KotlinDL comes with all the necessary APIs for building and training feedforward neural networks, including Convolutional Neural Networks. It provides reasonable defaults for most hyperparameters and offers a wide range of optimizers, weight initializers, activation functions, and all the other necessary levers for you to tweak your model.
With KotlinDL, you can save the resulting model, and import it for inference in your JVM backend application.

Keras models import

Out of the box, KotlinDL offers APIs for building, training, saving deep learning models, and loading them to run inference. When importing a model for inference, you can use a model trained with KotlinDL, or you can import a model trained in Python with Keras (versions 2.*).

For models trained with KotlinDL or Keras, KotlinDL supports transfer learning methods that allow you to make use of an existing pre-trained model and fine-tune it to your task.

Temporary limitations

In this first alpha release, only a limited number of layers are available. These are:












, and


. This limitation means that not all Keras models are currently supported. You can import and fine-tune a pre-trained VGG-16 or VGG-19 model, but not, for example, a ResNet50 model. We are working hard on bringing more layers for you in the upcoming releases.

Another temporary limitation concerns deployment. You can deploy a model in a server-side JVM environment, however, inference on Android devices is not yet supported, but it is coming in later releases.

What’s under the hood?

KotlinDL is built on top of the TensorFlow Java API which is being actively developed by the open source community.

Give it a try!

We’ve prepared some tutorials to help you get started with KotlinDL:

Feel free to share your feedback through GitHub issues, create your own pull requests, and join the #deeplearning community on Kotlin slack.

Continue Reading Deep Learning With Kotlin: Introducing KotlinDL-alpha

Introducing Kotlin for Apache Spark Preview

Apache Spark is an open-source unified analytics engine for large-scale distributed data processing. Over the last few years, it has become one of the most popular tools used for processing large amounts of data. It covers a wide range of tasks – from data batch processing and simple ETL (Extract/Transform/Load) to streaming and machine learning.

Due to Kotlin’s interoperability with Java, Kotlin developers can already work with Apache Spark via Java API. This way, however, they cannot use Kotlin to its full potential, and the general experience is far from smooth.

Today, we are happy to share the first preview of the Kotlin API for Apache Spark. This project adds a missing layer of compatibility between Kotlin and Apache Spark. It allows you to write idiomatic Kotlin code using familiar language features such as data classes and lambda expressions.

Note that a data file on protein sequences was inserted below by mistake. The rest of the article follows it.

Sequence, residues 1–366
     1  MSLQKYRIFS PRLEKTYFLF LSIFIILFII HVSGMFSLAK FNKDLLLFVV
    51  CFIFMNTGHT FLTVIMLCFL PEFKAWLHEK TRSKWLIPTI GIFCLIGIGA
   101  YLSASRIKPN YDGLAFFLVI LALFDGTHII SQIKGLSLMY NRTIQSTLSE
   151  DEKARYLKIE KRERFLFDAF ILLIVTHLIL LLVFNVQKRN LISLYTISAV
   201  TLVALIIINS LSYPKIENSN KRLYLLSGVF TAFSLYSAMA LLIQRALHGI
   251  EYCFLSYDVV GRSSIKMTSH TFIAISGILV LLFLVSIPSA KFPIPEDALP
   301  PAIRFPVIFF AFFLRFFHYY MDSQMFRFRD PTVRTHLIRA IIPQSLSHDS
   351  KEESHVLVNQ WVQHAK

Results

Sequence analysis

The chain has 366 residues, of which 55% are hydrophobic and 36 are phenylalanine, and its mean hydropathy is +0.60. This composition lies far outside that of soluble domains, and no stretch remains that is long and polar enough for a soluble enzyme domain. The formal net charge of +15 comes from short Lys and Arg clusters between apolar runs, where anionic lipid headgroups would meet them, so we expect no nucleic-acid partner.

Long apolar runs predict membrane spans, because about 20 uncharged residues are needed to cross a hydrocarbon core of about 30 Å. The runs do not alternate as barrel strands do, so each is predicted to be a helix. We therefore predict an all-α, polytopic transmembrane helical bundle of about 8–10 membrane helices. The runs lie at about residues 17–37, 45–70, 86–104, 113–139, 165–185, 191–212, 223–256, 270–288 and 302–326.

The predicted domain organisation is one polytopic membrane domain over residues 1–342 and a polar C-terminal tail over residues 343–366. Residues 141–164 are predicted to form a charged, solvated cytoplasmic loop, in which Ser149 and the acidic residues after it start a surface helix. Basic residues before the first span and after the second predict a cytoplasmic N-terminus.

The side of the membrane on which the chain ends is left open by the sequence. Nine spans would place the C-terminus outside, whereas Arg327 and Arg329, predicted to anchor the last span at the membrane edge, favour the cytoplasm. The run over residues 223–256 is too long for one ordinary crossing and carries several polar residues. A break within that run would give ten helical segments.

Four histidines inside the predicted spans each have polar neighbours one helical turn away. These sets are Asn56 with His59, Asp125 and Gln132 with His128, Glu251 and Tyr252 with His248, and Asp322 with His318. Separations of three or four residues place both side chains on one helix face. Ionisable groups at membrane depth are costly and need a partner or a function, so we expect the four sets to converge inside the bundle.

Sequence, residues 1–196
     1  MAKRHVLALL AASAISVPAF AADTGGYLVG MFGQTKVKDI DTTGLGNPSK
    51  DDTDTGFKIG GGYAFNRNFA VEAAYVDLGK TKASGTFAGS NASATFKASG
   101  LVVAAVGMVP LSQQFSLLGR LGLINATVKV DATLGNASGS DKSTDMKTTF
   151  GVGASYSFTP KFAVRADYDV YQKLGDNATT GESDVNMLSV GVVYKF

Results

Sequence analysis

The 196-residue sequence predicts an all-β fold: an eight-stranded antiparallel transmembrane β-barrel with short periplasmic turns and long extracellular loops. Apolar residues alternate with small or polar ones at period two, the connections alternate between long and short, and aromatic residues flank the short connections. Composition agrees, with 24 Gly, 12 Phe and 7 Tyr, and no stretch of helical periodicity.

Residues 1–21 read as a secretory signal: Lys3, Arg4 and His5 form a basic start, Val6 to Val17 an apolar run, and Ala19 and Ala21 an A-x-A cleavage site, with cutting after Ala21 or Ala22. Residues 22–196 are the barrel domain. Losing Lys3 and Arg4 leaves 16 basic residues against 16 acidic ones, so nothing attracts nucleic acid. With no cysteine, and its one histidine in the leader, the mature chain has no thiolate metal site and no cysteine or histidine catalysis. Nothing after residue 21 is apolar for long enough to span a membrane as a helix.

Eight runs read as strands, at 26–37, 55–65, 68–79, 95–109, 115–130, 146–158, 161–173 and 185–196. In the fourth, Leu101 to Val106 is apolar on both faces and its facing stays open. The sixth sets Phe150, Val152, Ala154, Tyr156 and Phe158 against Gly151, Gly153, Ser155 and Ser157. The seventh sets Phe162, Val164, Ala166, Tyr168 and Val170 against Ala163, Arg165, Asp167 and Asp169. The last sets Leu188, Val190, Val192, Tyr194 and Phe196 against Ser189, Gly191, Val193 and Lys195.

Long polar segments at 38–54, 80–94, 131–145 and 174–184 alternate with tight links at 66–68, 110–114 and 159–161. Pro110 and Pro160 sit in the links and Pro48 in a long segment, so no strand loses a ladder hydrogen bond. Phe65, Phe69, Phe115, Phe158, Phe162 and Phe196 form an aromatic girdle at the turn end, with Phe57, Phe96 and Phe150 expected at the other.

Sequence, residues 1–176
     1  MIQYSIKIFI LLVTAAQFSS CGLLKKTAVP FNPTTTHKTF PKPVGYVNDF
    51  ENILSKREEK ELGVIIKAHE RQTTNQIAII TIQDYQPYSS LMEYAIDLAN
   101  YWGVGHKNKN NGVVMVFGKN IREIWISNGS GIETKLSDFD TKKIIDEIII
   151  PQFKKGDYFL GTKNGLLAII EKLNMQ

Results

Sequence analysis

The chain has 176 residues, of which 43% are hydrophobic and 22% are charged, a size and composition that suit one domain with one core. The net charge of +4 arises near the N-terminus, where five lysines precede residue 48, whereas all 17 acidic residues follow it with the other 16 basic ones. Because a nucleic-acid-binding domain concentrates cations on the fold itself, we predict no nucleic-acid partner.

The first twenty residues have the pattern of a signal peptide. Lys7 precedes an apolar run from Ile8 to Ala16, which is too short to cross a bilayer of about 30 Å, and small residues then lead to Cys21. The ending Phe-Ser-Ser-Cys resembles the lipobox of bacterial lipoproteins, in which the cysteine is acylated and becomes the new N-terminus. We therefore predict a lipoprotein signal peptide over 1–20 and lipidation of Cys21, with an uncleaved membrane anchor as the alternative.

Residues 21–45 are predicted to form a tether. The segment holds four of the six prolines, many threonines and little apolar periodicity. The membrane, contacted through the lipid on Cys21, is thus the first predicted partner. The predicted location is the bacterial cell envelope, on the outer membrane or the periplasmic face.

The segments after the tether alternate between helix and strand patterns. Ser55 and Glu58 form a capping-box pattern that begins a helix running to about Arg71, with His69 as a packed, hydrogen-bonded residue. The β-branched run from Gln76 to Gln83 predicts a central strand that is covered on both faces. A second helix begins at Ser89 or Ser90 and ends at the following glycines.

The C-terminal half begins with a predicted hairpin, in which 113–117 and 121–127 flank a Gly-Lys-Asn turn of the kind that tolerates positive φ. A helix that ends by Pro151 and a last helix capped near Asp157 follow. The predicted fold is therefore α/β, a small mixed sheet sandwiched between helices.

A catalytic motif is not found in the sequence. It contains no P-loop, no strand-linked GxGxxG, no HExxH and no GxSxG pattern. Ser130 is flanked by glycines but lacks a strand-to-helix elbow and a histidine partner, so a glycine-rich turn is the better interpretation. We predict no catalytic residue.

Kotlin for Apache Spark also extends the existing APIs with a few nice features.

withSpark and withCached functions


is a simple and elegant way to work with SparkSession that will automatically take care of calling


at the end of the block for you.
You can pass parameters to it that may be required to run Spark, such as master location, log level, or app name. It also comes with a convenient set of defaults for running Spark locally.

Here’s a classic example of counting occurrences of letters in lines:

val logFile = "a/path/to/logFile.txt" 
withSpark(master = "yarn", logLevel = SparkLogLevel.DEBUG){ {
       val numAs = filter { it.contains("a") }.count()
       val numBs = filter { it.contains("b") }.count()
       println("Lines with a: $numAs, lines with b: $numBs")

Another useful function in the example above is


. In other APIs, if you want to fork computations into several paths, but compute things only once, you would call the ‘cache’ method. However, this quickly becomes difficult to track and you have to remember to unpersist the cached data. Otherwise, you risk taking up more memory than intended or even breaking things altogether.


takes care of tracking and unpersisting for you.

Null safety

Kotlin for Spark adds




, and other aliases to the existing methods, however, these are null safe by design.

fun main() {

    data class Coordinate(val lon: Double, val lat: Double)
    data class City(val name: String, val coordinate: Coordinate)
    data class CityPopulation(val city: String, val population: Long)

    withSpark(appName = "Find biggest cities to visit") {
        val citiesWithCoordinates = dsOf(
                City("Moscow", Coordinate(37.6155600, 55.7522200)),
                // ...

        val populations = dsOf(
                CityPopulation("Moscow", 11_503_501L),
                // ...
        citiesWithCoordinates.rightJoin(populations, citiesWithCoordinates.col("name") `==` populations.col("city"))
                .filter { (_, citiesPopulation) ->
                    citiesPopulation.population > 15_000_000L
                .map { (city, _) ->
                    // A city may potentially be null in this right join!!!

Note the


line in the example above. A city may potentially be null in this right join. This would’ve caused a


in other JVM Spark APIs, and it would’ve been rather difficult to debug the source of the problem.
Kotlin for Apache Spark takes care of null safety for you and you can conveniently filter out null results.

What’s supported

This initial version of Kotlin for Apache Spark supports Apache Spark 3.0 with the core compiled against Scala 2.12.

The API covers all the methods needed for creating self-contained Spark applications best suited for batch ETL.

Getting started with Kotlin for Apache Spark

To help you quickly get started with Kotlin for Apache Spark, we have prepared a Quick Start Guide that will help you set up the environment, correctly define dependencies for your project, and run your first self-contained Spark application written in Kotlin.

What’s next

We understand that it takes a while to upgrade any existing framework to a newer version, and Spark is no exception. That is why in the next update we are going to add support for the earlier Spark versions: 2.4.2 – 2.4.6.

We are also working on the Kotlin Spark shell so that you can enjoy working with your data in an interactive manner, and perform exploratory data analysis with it.

Currently, Spark Streaming and Spark MLlib are not covered by this API, but we will be closely listening to your feedback and will address it in our roadmap accordingly.

In the future, we hope to see Kotlin join the official Apache Spark project as a first-class citizen. We believe that it can add value both for Kotlin, and for the Spark community. That is why we have opened a Spark Project Improvement Proposal: Kotlin support for Apache Spark. We encourage you to voice your opinions and join the discussion.

Go ahead and try Kotlin for Apache Spark and let us know what you think!